When the indie movie, I Killed My Mother screened and received an eight-minute standing ovation at the Director’s Fortnight program of the 2009 Cannes Film Festival, the delegates and press were more curious about its debutante director. They showered a lot of questions over him while following the 19 years old wherever he went, and that was the beginning of his “wonder kid of world cinema” life for French Canadian filmmaker Xavier Dolan.
Ever since his momentous debut at the Cannes, Dolan’s style and movies have been a regular topic on the critics’ dissection tables and his movies like Mommy and It’s Only The End of the World are considered as important works of the 21st-century world cinema. In this short but comprehensive video essay, Dolan’s style and thematic influences are anatomized in detail. It inquiries into why Dolan is considered as a chronic formalist irrespective of the thematic concerns and why does he go as far as an ornamental freak when it comes to formal decisions.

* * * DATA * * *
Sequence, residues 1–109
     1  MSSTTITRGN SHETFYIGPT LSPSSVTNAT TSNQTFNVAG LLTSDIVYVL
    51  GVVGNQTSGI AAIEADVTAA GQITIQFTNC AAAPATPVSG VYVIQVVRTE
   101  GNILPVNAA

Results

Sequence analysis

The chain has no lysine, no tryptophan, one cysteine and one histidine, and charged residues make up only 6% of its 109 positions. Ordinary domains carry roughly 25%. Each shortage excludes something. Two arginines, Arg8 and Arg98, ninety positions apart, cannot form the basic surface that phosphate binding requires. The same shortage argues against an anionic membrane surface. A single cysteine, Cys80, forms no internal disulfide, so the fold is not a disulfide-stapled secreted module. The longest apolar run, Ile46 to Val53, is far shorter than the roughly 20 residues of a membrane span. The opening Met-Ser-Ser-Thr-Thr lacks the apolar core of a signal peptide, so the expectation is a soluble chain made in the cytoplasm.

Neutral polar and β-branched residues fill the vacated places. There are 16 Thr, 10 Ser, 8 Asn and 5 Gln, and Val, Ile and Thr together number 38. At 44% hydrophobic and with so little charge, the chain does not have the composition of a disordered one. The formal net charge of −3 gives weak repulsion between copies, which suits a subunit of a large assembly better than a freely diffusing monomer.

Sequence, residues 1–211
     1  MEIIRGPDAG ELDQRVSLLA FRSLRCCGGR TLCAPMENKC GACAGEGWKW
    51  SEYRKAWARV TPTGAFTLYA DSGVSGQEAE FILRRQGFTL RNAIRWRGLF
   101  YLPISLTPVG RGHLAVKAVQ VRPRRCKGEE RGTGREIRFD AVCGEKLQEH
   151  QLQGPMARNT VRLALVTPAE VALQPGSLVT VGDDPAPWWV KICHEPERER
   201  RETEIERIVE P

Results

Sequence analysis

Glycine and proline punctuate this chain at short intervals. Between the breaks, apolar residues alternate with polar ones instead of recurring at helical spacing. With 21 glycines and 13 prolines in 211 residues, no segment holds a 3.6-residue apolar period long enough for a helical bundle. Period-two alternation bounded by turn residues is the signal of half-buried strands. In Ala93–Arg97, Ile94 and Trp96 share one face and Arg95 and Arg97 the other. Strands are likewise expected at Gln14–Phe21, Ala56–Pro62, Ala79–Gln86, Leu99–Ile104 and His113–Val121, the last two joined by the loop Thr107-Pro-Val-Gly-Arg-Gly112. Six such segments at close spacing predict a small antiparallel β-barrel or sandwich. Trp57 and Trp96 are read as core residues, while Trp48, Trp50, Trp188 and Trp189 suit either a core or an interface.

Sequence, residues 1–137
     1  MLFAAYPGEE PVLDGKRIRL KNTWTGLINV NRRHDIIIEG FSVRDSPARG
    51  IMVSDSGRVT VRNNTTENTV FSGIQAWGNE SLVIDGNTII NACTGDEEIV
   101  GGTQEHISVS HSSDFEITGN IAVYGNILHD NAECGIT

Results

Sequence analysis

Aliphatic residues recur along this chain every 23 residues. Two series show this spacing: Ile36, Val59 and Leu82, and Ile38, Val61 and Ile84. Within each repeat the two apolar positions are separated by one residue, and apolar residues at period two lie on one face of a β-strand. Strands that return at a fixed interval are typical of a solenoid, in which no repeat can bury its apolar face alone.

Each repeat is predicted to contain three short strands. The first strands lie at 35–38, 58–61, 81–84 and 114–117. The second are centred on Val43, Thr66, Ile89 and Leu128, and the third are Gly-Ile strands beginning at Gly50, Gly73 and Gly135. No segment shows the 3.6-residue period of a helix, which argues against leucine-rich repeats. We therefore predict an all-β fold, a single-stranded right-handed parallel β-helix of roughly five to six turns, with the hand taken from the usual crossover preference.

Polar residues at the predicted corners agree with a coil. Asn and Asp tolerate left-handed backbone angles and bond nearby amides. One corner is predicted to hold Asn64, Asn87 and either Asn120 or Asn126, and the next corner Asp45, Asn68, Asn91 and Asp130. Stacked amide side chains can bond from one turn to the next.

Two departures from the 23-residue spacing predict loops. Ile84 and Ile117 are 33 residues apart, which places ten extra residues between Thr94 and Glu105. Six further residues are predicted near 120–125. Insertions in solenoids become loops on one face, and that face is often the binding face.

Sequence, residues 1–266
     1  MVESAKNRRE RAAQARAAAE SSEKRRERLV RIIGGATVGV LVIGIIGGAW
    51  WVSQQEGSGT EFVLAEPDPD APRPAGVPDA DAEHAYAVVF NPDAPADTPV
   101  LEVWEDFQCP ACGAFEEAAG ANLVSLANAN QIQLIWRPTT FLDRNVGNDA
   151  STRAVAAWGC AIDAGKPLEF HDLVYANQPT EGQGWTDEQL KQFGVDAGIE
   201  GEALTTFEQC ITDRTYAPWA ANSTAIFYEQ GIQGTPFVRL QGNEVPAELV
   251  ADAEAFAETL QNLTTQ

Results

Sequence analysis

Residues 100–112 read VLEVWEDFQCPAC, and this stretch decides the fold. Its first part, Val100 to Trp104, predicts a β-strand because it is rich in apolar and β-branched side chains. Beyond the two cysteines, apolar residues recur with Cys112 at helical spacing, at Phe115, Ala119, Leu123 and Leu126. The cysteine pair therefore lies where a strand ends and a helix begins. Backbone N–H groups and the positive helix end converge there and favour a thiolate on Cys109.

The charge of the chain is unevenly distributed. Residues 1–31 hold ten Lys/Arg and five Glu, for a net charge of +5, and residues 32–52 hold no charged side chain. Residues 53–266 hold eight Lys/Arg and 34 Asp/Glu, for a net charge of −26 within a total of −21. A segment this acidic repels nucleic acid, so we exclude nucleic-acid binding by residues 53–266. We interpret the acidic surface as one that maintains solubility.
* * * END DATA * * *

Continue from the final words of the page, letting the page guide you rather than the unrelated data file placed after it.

Almost all Dolan characters are struggling to strike a chord with the external world and people around them, a result of their erratic nature. In concordance with this volatile nature of his central characters, Dolan’s narratives take crazy and unexpected turns shut characters from the viewers by tracking shots from behind, speed variations, and unsettling interventions of surrealist dreamy sequences.
As an auteur, Dolan has designed an exclusive visual language to represent and interpret the desires, anxieties, and insecurities of characters who are always going through transitional states and predicaments. When Mommy, his fifth film, shared the jury prize at Cannes in 2014 with Jean-Luc Godard’s Goodbye to Language, Dolan’s auteur had been cemented and the curiosity over formal and thematic adventures is on a high.
Written By: Ragesh Dipu